Extremism in the Defense of Liberty is No Vice?

This morning's posts bemoaning the sentencing of a self-anointed savior of freedom are not very persuasive to me.  Moreover, I find their tone disturbing.
Folks!  Really!
Assumptions of absolute evil in the hearts of those on the other side of an issue is ugly.  It's not liberal, either.
Deciding that you and your friends alone are on the side of the angels is too Fox-like for me to applaud.
Suggesting that alternative lawful actions were not existent and that taking any other path would have been the moral equivalent of condoning murder is simply tautological blindness.
Vigilance is good. Protests are good.
But please be less nasty.  And, if possible, could you try being less sure of yourself?

I would remind you that extremism in the defense of liberty is no vice! And let me remind you also that moderation in the pursuit of justice is no virtue!

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2 Responses to Extremism in the Defense of Liberty is No Vice?

  1. dr_scott says:

    The Manning affair is a tragedy. Clueless, confused young man given a responsibility he was obviously unsuited for, and failed at.

    It’s a morally complex matter – having taken an oath, he was irresponsible to violate it wholesale, when any whistleblowing necessary could have been accomplished by a very selective leak of material. Military discipline in another era would have suggested summary execution.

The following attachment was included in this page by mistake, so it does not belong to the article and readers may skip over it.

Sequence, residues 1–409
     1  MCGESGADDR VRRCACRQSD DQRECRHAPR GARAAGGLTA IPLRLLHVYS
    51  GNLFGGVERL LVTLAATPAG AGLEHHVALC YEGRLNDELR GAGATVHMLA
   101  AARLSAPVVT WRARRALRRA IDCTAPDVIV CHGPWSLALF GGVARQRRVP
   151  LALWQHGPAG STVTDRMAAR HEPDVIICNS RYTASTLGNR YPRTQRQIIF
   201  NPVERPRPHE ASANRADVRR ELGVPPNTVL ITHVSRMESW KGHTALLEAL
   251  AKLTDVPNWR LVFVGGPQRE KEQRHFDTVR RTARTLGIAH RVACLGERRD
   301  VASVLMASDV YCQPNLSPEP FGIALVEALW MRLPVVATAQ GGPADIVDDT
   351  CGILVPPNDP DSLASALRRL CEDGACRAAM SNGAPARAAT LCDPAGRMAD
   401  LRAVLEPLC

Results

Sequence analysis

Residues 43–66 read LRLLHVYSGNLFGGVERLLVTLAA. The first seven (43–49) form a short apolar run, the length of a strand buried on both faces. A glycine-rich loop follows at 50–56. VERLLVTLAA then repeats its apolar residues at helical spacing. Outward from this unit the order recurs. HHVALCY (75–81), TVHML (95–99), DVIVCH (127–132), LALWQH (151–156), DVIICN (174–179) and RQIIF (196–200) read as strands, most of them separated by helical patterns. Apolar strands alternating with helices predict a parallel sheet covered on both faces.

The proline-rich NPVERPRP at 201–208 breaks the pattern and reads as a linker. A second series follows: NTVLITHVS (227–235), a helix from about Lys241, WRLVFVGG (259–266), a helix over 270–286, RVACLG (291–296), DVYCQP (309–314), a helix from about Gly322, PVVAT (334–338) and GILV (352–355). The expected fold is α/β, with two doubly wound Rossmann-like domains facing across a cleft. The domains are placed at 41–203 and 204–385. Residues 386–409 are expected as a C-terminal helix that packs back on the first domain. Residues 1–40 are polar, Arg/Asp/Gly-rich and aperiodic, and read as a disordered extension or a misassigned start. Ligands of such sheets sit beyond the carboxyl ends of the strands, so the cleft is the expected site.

It’s sad but probably necessary that he goes to prison rather than getting counselling. The real negligence here is in the authorities who gave such a person so much access to supposedly critical secret documents. His leak probably caused some deaths and much damage to intelligence networks. Like having a five-year-old drive a bus and being surprised when it crashes.

  2. dr_scott says:

    The Manning affair is a tragedy. Clueless, confused young man given a responsibility he was obviously unsuited for, and failed at.

    It’s a morally complex matter – having taken an oath, he was irresponsible to violate it wholesale, when any whistleblowing necessary could have been accomplished by a very selective leak of material. Military discipline in another era would have suggested summary execution.

    It’s sad but probably necessary that he goes to prison rather than getting counselling. The real negligence here is in the authorities who gave such a person so much access to supposedly critical secret documents. His leak probably caused some deaths and much damage to intelligence networks. Like having a five-year-old drive a bus and being surprised when it crashes.

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